Now that you have some background
information about both of the mice, I am going to take some
time to compare them more closely. Our testing and
comparison methods have been further improved from those
used last time in our previous mice round-up thanks to all
the reader feedback we got.
As an additional note I should remind
readers that in 70% of the cases it will take some time to
adjust to either one of these devices. I am still sometimes
flabbergasted to hear that people expect to immediately be
comfortable with a gaming mouse after they have been
accustomed to using a normal optical mouse.
At a glance both of these mice will make
apparent that gamers are not only looking for a high-quality
product but are looking for mice that are pleasing to look
at. Each G5 has a mixture of three different colors: smoke
black, rust red, and silver. Not only that but you won’t
find all G5s to look the exactly the same due to the way
they are painted. The Razer Copperhead doesn't have a
unique paint scheme, but it does have a wraparound lighting
system that pulses with light and is available in three
A common complaint is that certain
gaming mice are either too light or too heavy. Logitech and
Razer both considered these complaints and chose to do
something about it. Although it is possible to change the
weight of both mice, the G5 offers a lot more flexibility.
In fact, people who use the Razer Copperhead and want to
change the weight of the mouse will have to spend ~$10 and
purchase a Razer Copperhead Pro-Tools set from the Razer
store, and void your warranty as an added bonus.
It is evident that both companies spent
a lot of time researching and studying ways to make the
mouse comfortable and ergonomic, not only in gaming
situations. As someone that suffers from tendonitis, it is
overly important for me to use a comfortable mouse. I found
that I could spend hours using both mice without any major
Although I found the G5 to be a
comfortable mouse, I found the Copperhead to be much more
comfortable for longer gaming sessions. Not just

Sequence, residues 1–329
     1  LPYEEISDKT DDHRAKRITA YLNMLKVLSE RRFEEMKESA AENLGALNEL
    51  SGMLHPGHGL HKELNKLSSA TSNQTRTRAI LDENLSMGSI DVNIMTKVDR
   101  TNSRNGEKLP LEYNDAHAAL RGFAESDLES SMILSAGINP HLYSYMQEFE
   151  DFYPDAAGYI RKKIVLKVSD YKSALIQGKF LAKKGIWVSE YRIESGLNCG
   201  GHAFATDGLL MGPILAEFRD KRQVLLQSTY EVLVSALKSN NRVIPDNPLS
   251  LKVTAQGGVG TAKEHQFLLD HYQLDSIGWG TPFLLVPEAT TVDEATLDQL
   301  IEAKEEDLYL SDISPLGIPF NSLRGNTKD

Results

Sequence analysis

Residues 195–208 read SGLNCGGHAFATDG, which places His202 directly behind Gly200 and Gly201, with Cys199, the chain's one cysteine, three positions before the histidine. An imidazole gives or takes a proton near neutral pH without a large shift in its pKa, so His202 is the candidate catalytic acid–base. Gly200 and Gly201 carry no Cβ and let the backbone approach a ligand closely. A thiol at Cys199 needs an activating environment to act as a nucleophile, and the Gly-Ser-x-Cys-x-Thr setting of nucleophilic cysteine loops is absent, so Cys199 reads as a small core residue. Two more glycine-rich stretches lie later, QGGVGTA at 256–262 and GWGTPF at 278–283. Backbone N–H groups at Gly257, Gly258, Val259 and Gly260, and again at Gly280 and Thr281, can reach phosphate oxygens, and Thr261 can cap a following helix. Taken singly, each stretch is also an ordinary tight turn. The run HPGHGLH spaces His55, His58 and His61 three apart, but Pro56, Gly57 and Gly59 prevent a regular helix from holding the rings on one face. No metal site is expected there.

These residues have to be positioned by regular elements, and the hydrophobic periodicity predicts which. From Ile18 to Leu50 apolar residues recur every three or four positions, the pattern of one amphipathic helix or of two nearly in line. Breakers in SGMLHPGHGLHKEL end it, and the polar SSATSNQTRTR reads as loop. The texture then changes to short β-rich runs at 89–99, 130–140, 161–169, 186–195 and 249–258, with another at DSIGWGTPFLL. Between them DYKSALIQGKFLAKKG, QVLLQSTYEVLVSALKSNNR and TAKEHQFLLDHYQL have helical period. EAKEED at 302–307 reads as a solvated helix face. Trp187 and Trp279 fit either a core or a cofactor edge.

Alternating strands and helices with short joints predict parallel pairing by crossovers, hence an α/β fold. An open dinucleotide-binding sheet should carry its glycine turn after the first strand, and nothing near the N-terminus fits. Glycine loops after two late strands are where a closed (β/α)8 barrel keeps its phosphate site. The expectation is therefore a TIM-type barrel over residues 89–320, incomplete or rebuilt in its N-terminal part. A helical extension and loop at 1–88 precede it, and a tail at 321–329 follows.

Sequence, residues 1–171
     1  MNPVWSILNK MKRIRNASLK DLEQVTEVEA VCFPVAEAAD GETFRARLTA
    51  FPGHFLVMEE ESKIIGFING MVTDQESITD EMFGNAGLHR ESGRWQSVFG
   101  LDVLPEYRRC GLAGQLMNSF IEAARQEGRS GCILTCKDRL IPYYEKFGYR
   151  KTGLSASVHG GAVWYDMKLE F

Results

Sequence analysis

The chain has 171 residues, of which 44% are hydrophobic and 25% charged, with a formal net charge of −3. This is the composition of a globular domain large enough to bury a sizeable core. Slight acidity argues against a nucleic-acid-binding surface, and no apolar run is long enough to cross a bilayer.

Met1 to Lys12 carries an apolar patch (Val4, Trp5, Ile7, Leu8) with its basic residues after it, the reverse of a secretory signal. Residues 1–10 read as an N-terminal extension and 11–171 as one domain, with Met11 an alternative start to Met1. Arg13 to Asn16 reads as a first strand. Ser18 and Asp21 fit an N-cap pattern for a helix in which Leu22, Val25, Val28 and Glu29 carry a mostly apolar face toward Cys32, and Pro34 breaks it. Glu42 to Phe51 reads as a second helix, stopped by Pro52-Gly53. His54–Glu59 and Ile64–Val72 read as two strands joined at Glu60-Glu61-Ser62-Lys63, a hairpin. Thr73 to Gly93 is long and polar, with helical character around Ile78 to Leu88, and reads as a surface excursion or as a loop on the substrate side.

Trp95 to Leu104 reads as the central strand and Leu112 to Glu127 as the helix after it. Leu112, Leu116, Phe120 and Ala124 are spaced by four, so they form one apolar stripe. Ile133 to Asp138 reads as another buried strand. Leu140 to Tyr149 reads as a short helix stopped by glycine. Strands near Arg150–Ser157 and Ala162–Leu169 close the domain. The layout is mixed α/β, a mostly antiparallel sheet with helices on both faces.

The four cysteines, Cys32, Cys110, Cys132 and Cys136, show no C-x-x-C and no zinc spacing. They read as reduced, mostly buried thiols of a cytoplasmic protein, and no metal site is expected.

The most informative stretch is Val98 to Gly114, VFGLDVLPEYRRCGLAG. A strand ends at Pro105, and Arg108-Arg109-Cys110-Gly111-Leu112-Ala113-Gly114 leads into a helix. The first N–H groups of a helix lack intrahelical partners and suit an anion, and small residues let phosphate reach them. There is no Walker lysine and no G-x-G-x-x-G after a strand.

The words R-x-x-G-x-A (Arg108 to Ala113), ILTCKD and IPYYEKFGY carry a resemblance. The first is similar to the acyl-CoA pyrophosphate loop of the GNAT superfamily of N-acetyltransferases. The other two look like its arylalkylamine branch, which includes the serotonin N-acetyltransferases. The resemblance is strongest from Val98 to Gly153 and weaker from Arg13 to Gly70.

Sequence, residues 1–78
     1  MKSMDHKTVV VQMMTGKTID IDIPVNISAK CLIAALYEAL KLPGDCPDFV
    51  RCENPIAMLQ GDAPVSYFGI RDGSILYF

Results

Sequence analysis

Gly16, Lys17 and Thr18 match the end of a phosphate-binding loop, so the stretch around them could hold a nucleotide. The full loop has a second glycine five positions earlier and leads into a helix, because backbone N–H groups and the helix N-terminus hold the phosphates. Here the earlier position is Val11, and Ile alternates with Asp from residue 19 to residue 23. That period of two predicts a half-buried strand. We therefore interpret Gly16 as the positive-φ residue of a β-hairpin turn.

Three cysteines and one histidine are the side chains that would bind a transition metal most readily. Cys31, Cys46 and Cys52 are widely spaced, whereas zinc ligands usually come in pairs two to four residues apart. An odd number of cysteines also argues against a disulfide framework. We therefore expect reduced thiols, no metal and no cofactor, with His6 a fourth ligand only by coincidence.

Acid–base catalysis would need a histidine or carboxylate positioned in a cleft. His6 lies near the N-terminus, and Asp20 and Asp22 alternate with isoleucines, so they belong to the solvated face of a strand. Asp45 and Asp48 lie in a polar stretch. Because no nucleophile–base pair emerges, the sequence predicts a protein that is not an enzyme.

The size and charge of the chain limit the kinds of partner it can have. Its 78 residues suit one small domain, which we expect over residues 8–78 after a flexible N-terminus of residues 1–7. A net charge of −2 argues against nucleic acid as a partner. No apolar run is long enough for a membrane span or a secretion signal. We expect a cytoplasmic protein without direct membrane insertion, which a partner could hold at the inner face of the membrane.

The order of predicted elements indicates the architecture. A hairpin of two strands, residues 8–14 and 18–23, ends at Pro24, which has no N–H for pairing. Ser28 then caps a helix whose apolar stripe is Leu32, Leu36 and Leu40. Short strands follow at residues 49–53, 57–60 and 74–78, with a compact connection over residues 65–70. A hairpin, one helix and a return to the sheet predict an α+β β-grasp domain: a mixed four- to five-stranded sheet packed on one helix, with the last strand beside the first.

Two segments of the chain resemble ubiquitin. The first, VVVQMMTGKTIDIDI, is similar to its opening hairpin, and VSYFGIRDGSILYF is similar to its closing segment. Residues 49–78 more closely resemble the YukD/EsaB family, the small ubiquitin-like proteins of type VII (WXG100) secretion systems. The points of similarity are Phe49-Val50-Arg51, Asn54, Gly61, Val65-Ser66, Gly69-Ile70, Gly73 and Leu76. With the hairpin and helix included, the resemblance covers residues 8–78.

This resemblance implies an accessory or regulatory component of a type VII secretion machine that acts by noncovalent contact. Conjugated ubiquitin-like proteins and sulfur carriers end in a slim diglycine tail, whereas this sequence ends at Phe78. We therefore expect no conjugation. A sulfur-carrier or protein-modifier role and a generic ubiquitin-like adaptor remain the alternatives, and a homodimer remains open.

ergonomically, the grip on the Copperhead appealed more to
me. I especially liked the larger non-slip buttons where my
index and middle finger are placed. The one complaint I had
was regarding the scroll wheel, I wished it was a little bit
smaller as it didn't feel natural.
As we all hope with any kind of new
peripheral we buy, I was pleasantly surprised that the
software of both products work fairly well. You will be
able to use either program to quickly and efficiently
personalize the mouse configurations.
Although it certainly is recommended,
users will not be required to install any software to use
any of these mice. But be aware that many of the custom
configurations that you may want to use will require that
you install and use the drivers and software bundled with
each of the products.
It is no secret that expectations were
high for both of these products, and I was certainly looking
forward to evaluate them. Because of the nature of these
products, we always recommend our readers try to have a
first taste at them at a local computer store when possible.
Now having all that said, and to make the long story short,
if someone asked me which gaming mouse they wanted to
purchase, the Razer Copperhead would be my first choice over
the Logitech G5.
2,000 dpi laser sensor
High level of sensitivity
The mouse is visually appealing
Price may be a deterrent
Getting used to this mouse will most
likely take a bit of time